The secretory end-piece leads suddenly to a distinctively narrow excretory duct reaching 1:4 the diameter of that of the secretory portion (Figure 1 and 3A- B). The ducts, pursuing a slightly wavy pattern run parallel to the neighbouring hair follicle in their way to open into the bottom of a peculiar destination device. The latter device is found at the outer most portion of the accompanying primary hair follicle in the vicinity of the epidermis. The ducts may open onto the surface of the skin in an interfollicular location (atrichial sweat gland) by a similar pattern. The ex-cretory duct being lined by two layers of cuboidal epithelium, receives a conical jacket of stratified epithelium towards its way to open into the neighbouring primary hair follicle (Figure 3C-D). The terminal portion of the duct, reaching the apex of the destination device, runs further inwards forming nozzle-shaped extension which projects into the bottom of the destination device (Figure 4, 5 and 6A- B). The tubular terminal portion of the duct is composed of 3-6 flattened or cuboidal cells-long pipe (Figure 6A- B).



The destination device is represented by a dilatation of various shapes. It may be oval-, flask-, triangular- or rounded-shaped (Figure 6A- B). It joins the hair follicle by its base “mouth” at a level higher than that of the sebaceous gland. It receives the terminal portion of the excretory duct at its apex. The destination device is lined by cornified stratified epithelium, consisting of 5-7 layers in thickness (Figure 4 and 6A- B). The basal layer is composed of one row of cuboidal cells showing numerous melanin pigments within their cytoplasm. The middle layer is composed of about 5 rows of large polyhedral cells which increase in size towards the surface where the largest cells are demonstrated. The cytoplasm is peculiarly pale harbouring large, rounded, central, vesicular nucleus. The cells of the middle layer present fewer amount of intracytoplasmic melanin.




The superficial layer is formed of several layers of keratinized material which fills the lumen and condenses at the aperture of the device into the primary hair follicle and or the surface of the skin. The flask-shaped dilatations are surrounded with a highly vascular connective tissue.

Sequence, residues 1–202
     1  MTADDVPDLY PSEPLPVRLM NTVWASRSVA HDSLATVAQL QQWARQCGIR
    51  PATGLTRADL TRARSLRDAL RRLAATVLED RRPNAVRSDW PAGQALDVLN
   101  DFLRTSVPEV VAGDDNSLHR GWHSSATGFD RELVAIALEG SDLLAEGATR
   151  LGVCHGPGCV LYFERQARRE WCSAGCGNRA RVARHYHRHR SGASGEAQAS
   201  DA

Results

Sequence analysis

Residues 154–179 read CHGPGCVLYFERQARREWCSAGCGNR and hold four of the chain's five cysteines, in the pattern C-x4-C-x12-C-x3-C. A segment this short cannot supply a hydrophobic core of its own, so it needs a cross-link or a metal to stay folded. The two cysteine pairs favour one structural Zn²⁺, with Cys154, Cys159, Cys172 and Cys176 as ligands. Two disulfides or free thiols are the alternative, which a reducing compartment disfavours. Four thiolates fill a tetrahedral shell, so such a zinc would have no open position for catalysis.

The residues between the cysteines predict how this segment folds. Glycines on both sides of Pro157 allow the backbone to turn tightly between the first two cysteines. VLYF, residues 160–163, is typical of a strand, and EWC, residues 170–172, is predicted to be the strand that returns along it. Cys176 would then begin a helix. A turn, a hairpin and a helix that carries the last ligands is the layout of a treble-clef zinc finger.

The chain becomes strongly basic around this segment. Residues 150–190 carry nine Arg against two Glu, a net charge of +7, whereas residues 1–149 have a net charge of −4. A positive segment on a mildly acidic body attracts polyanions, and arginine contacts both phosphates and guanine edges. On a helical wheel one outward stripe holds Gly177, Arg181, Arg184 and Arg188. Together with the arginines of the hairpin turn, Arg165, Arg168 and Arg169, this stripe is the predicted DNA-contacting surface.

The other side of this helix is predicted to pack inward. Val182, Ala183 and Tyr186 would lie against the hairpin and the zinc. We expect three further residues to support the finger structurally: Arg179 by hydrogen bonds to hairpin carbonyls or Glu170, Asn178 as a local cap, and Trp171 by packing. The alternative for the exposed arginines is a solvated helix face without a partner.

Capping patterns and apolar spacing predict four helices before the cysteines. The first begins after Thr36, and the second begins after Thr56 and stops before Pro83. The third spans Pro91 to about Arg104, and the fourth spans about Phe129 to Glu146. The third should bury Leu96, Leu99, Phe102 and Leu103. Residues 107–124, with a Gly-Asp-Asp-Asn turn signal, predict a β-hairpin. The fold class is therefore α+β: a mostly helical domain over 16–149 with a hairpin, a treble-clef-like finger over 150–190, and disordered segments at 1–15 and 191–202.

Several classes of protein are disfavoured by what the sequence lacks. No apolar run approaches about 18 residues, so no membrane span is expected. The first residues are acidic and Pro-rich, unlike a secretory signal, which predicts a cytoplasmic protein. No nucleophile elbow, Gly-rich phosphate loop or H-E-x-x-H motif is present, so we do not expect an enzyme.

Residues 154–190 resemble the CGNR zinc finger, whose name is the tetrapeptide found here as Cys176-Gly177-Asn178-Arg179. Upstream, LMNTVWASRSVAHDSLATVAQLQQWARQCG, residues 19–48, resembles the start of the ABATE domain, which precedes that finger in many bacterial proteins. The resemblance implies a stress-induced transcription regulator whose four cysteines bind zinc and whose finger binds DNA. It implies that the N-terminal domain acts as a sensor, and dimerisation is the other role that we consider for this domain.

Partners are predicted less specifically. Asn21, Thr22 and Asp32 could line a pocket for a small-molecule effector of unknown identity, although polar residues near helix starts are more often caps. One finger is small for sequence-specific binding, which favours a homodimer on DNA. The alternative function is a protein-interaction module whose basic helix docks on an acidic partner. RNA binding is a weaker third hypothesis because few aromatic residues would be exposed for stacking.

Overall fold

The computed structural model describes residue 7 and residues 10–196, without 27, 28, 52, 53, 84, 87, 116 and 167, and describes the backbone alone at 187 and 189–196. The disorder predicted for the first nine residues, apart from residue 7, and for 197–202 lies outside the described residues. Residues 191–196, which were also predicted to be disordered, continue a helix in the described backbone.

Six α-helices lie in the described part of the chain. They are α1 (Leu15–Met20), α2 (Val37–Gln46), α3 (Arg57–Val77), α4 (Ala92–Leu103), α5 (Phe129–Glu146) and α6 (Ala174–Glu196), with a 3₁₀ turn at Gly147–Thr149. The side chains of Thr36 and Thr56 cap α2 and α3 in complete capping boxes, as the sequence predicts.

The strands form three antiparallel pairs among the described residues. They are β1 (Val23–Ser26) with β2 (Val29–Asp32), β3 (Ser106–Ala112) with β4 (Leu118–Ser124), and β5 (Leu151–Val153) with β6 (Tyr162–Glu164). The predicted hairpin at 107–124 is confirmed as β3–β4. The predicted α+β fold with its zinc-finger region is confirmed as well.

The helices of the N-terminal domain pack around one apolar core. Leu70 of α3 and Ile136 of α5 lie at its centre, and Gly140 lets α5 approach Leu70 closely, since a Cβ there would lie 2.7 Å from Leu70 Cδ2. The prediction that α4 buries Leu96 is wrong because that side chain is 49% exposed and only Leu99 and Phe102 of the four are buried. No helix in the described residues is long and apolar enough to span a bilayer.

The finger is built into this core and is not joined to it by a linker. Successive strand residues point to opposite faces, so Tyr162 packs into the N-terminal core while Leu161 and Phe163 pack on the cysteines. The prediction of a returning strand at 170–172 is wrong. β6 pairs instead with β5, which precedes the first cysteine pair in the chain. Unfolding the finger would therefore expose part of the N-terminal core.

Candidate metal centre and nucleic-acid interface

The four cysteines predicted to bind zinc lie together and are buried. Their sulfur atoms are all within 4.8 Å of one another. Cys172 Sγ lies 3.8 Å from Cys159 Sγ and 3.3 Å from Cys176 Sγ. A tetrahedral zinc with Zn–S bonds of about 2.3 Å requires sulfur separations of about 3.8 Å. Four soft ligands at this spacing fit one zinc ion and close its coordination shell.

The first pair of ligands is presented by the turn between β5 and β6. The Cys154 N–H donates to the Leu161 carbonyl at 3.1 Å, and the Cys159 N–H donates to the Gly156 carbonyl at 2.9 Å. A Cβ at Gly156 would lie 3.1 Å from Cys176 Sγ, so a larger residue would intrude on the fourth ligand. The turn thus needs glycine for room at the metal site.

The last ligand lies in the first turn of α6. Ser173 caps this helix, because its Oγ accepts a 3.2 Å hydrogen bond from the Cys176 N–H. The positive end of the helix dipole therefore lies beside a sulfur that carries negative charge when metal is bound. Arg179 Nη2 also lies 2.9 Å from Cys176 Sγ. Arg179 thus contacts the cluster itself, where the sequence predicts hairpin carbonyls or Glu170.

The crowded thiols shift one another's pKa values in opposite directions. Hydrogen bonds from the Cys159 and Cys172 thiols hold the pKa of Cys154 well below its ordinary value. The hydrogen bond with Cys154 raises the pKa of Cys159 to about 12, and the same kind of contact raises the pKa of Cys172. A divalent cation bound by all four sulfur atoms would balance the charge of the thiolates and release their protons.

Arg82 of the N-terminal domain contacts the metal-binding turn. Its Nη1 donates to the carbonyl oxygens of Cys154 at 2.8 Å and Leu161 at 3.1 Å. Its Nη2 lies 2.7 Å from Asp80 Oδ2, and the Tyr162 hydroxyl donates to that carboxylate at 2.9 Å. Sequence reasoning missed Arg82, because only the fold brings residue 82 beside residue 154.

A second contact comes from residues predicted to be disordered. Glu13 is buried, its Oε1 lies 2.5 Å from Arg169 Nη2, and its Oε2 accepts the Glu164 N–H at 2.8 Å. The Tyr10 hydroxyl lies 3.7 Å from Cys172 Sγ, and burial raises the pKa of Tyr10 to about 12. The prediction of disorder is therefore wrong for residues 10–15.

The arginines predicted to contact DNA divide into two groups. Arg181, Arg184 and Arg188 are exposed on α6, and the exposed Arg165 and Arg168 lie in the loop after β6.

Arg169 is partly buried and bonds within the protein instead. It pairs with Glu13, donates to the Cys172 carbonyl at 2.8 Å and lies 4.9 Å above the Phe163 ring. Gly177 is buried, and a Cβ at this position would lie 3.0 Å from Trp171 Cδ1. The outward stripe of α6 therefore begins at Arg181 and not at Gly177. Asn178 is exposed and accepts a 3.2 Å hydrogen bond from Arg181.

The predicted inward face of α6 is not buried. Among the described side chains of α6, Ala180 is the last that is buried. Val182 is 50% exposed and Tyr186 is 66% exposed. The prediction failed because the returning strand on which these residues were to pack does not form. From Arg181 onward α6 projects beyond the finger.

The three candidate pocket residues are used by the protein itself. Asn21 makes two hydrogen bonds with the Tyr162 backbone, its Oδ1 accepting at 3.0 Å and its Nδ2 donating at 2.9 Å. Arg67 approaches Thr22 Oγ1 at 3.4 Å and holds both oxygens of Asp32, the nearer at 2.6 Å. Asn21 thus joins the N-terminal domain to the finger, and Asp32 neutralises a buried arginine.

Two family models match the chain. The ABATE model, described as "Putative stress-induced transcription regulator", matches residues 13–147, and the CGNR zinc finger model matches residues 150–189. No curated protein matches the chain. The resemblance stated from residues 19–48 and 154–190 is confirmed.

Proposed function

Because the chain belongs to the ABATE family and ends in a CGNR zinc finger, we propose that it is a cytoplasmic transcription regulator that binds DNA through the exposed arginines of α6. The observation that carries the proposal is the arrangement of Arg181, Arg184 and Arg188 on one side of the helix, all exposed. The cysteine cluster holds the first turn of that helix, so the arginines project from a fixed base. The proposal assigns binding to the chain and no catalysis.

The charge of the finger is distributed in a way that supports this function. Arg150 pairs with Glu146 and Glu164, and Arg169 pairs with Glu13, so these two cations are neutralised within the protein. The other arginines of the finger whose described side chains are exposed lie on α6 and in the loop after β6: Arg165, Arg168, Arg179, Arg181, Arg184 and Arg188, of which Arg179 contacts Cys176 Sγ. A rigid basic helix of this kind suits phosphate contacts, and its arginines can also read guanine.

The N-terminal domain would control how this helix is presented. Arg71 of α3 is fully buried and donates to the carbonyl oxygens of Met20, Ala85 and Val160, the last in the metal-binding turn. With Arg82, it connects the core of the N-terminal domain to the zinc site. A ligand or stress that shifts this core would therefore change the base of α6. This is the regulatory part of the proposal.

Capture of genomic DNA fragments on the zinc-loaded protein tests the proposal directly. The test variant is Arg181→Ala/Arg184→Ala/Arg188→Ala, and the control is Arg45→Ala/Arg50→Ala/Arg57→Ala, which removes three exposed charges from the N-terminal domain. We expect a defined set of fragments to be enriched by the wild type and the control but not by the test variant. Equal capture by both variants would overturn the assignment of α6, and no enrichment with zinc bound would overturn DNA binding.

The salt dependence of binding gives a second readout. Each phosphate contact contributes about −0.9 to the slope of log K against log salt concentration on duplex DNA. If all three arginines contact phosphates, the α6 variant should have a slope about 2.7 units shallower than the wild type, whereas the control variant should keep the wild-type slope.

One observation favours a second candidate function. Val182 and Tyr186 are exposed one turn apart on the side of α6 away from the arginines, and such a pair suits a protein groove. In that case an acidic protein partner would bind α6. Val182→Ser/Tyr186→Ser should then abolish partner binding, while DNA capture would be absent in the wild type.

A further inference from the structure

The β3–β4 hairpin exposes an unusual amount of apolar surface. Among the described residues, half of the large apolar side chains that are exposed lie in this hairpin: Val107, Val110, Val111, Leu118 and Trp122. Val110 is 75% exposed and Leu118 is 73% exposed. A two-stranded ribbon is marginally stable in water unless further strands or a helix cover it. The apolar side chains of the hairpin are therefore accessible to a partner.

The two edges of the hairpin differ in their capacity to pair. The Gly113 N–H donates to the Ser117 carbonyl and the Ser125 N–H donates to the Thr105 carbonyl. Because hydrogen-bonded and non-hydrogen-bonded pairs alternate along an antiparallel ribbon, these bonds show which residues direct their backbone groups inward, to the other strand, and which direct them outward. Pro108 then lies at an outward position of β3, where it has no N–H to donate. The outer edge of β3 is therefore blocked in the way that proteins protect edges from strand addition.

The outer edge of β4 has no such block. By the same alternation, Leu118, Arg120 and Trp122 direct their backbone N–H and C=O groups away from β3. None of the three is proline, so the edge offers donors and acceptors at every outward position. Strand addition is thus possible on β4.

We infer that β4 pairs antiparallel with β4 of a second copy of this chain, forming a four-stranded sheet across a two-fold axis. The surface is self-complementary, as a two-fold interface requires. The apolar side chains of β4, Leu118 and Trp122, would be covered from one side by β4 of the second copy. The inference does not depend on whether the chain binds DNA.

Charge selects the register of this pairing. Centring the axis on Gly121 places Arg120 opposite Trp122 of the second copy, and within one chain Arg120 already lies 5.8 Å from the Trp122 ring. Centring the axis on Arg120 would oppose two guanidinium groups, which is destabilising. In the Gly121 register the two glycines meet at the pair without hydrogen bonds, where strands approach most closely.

Although the structure of the sweat glands in one-humped camels resemble coarsely that of other animal species, yet they are uniquely characterized by special features which fit the organ to correlated functions required to adapt the arid climatic conditions, where the camel lives and raises.


The presence of the sweat glands into the deeper layers of the dermis of the camel in addition to the coiled nature of its secretory end-pieces indicates a pattern which reflects the role of these glands in regulation of body temperature. Sweating increases heat loss. Vaporization of water on the skin and mucous membranes of the mouth and respiratory passages is considered as a major process for transferring heat from the body. Vaporization of 1g of water removes about 0.6 Kcal of heat. When sweat secretion is increased, the degree to which the sweat vaporises depends upon the humidity of the environment (Ganong, 1983). The latter author added that the body heat lost by vaporization of sweat reaches a percentage of 27% at 21ºC. Burr (Burr, 1993) reported that sweat evaporation depends upon the difference between the vapor pressure of sweat on the skin and that of water in the air adjacent to the skin.


Based on scientific mechanical hypothesis, the terminal portions of the excretory ducts are structurally oriented in such a way as to impart the architectural characteristics which serve to retain a more or less definite quantity of secretory fluid within the dilated destination devices. The temperature of this retained quantity of secretion is controlled by blood circulating within the plentiful blood vascular elements surrounding the before-mentioned dilatations.


In addition, the retained secretory fluid into the dilatation devices supported by the several layer of keratinized material, which fills the lumen and condenses at the aperture of the device, provided a humid medium which acts to influence further flow of secretion from the secretory end-pieces. A phenomenon which is substantially supported the obviously narrow lumen of the excretory duct. The unique structure of the stratum corneum of the skin contributes to its function as a barrier to water loss and external harsh environment (Marino, 2006).


Moreover, the architectural structure of the terminal portion of the excretory duct and its mode of connection to the bottom of the destination device may service as a mode of valve system. A matter which is achieved by exerting pressure on the “nozzle” portion of the excretory duct by the collected secretory fluid, leading to its closure, presenting a mode of control on the flow of the secretory fluid.




The structural orientation of the terminal portion of the excretory duct of the sweat glands of camels play an important role in acclimatization of camels to harsh environmental condition by retaining more or less definite quantity of secretory fluid within the dilated destination devices.




We would like to thank the technician in the department of anatomy and histology, faculty of veterinary medicine, Assiut University for their help during sampling and processing.


Conflict of interest

The authors declare that they have no competing interests




All authors contribute in collection and processing of samples. Image was taken by Fath-Elbab and Abd-Elkareem. Labeling of Figures was performed by Abou-Elhamd. Writing of the manuscript was performed by Fath-Elbab and Abou-Elhamd